The University of Waterloo is investing up to $5 million from its $800-million endowment to create a venture capital fund to invest in startups.
Led by general partners Ross Robinson and Akash Vaswani, Velocity Fund II (VFII) represents the first time that UWaterloo’s endowment will be used to invest in venture capital, according to the university.
Robinson told The Logic, the fund is looking to raise a total of $25 million USD with the aim to announce a first close in the first quarter of 2024. The fund will invest at the pre-seed and early seed stages, cutting cheques between $25,000 to $500,000.
Startups that were incubated in UWaterloo’s Velocity have collectively raised $4.5 billion.
The fund was spun out of UWaterloo’s Velocity startups incubator, with plans to invest in both Velocity and non-Velocity companies. Velocity previously launched a startup investment fund in 2019, which replaced the grant system used to sponsor the awards for the incubator’s tri-annual pitch competition at Waterloo.
Since its inception about 14 years ago, Velocity claims to have incubated over 400 companies, which have collectively raised $4.5 billion in funding to date.
Some of the companies that went through the Velocity incubator in the past include Faire, an online marketplace that connects retailers with wholesale brands. Last year, Faire reportedly had a valuation over $12 billion.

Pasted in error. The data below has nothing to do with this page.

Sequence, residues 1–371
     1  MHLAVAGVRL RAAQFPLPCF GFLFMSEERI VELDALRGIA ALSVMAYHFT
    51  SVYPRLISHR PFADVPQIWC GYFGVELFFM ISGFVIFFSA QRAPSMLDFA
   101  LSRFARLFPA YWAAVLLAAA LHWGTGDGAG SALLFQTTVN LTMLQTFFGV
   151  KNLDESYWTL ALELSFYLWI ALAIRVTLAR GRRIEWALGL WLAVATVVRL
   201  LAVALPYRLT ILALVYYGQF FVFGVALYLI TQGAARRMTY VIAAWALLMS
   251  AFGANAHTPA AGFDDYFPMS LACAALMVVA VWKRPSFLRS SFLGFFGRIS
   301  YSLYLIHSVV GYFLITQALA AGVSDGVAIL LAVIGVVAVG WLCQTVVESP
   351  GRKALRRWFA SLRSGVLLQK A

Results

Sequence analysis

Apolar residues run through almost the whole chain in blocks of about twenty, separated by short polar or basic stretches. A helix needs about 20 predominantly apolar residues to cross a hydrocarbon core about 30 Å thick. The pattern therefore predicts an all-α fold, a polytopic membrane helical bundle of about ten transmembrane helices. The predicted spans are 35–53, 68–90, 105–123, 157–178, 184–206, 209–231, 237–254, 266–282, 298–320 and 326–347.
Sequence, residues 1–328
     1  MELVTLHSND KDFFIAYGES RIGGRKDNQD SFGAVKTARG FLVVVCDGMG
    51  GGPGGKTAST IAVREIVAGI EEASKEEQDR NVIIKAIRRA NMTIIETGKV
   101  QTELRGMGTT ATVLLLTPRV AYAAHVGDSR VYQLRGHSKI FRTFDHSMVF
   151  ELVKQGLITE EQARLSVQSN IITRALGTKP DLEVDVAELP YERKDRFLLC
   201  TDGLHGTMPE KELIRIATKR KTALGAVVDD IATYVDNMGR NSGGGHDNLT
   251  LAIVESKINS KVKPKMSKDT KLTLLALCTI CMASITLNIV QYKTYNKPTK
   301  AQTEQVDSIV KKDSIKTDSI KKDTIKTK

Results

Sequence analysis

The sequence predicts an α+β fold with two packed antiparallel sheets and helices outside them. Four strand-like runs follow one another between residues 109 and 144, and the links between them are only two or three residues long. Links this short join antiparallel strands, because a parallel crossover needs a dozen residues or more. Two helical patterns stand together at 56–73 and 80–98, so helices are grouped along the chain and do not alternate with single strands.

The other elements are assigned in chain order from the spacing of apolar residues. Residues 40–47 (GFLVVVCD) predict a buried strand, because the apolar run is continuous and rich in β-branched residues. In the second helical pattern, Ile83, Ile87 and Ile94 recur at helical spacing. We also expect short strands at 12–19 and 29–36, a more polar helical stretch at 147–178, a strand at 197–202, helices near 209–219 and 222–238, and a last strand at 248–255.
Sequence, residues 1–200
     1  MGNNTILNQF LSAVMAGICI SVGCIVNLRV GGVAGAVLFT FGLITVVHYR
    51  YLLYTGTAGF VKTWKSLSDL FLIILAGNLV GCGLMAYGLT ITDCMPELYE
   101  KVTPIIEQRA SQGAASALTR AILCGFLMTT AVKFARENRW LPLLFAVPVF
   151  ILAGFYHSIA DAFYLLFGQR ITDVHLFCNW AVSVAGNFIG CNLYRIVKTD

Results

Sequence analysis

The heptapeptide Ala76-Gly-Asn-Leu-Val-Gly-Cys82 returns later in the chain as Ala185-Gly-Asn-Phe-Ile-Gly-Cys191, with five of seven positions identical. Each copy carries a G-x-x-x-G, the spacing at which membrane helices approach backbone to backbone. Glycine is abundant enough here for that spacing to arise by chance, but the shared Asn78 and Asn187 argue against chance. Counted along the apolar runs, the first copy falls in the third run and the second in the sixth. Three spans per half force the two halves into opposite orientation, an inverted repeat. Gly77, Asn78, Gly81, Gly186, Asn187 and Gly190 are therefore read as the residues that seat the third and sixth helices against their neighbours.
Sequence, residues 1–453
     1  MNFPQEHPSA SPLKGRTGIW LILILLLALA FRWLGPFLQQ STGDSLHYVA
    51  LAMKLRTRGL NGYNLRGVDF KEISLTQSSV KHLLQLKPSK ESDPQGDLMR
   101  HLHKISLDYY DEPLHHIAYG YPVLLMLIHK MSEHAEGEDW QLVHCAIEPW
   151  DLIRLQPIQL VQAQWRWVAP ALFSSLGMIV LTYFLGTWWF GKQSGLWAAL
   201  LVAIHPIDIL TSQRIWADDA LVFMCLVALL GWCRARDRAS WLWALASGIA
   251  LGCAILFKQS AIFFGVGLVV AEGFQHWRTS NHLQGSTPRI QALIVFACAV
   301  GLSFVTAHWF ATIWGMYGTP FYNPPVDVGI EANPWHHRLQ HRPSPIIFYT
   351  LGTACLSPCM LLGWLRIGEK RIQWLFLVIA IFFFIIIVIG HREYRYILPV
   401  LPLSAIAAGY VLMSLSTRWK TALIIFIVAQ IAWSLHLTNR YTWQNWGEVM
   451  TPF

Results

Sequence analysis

Another Velocity graduate is ApplyBoard, which helps international students apply to study abroad. When it raised $375 million CAD in Series D funding in 2021, the startup said it reached a post-money valuation of $4 billion CAD.
“Attracting financial support early on is the key to long-term success for deep tech startups in particular,” said Adrien Côté, executive director of Velocity. “We’ve seen this time and time again with our companies.”
UWaterloo’s endowment model follows an emerging trend with other universities south of the border.
Michael Ashmore, chair of the endowment’s finance and investment committee, told The Logic that UWaterloo was inspired by the VC funds backed by endowments and universities in the US, which he said has produced hefty returns for those schools.
Ashmore said his team consulted with The Engine, a venture fund led by the Massachusetts Institute of Technology, as well as The House Fund by the University of California, Berkeley. During the venture boom in 2021, MIT reported its fund gained 55.5%, or $9 billion.